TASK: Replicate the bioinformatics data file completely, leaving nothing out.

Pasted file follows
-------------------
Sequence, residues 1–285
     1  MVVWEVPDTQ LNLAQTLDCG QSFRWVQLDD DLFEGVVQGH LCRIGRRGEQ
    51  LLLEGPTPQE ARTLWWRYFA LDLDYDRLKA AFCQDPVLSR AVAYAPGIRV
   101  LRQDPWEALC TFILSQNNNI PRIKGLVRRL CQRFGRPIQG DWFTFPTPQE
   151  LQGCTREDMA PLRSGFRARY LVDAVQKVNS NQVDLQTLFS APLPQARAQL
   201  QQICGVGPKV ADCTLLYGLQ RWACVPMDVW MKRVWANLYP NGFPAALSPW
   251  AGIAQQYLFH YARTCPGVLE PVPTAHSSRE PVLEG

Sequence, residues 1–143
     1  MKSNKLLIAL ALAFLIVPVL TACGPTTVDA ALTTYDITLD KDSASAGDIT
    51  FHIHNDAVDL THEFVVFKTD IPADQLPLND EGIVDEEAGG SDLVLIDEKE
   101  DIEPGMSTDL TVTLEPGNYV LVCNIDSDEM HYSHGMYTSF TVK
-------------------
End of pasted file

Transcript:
Sequence, residues 1–285
     1  MVVWEVPDTQ LNLAQTLDCG QSFRWVQLDD DLFEGVVQGH LCRIGRRGEQ
    51  LLLEGPTPQE ARTLWWRYFA LDLDYDRLKA AFCQDPVLSR AVAYAPGIRV
   101  LRQDPWEALC TFILSQNNNI PRIKGLVRRL CQRFGRPIQG DWFTFPTPQE
   151  LQGCTREDMA PLRSGFRARY LVDAVQKVNS NQVDLQTLFS APLPQARAQL
   201  QQICGVGPKV ADCTLLYGLQ RWACVPMDVW MKRVWANLYP NGFPAALSPW
   251  AGIAQQYLFH YARTCPGVLE PVPTAHSSRE PVLEG

Sequence, residues 1–143
     1  MKSNKLLIAL ALAFLIVPVL TACGPTTVDA ALTTYDITLD KDSASAGDIT
    51  FHIHNDAVDL THEFVVFKTD IPADQLPLND EGIVDEEAGG SDLVLIDEKE
   101  DIEPGMSTDL TVTLEPGNYV LVCNIDSDEM HYSHGMYTSF TVK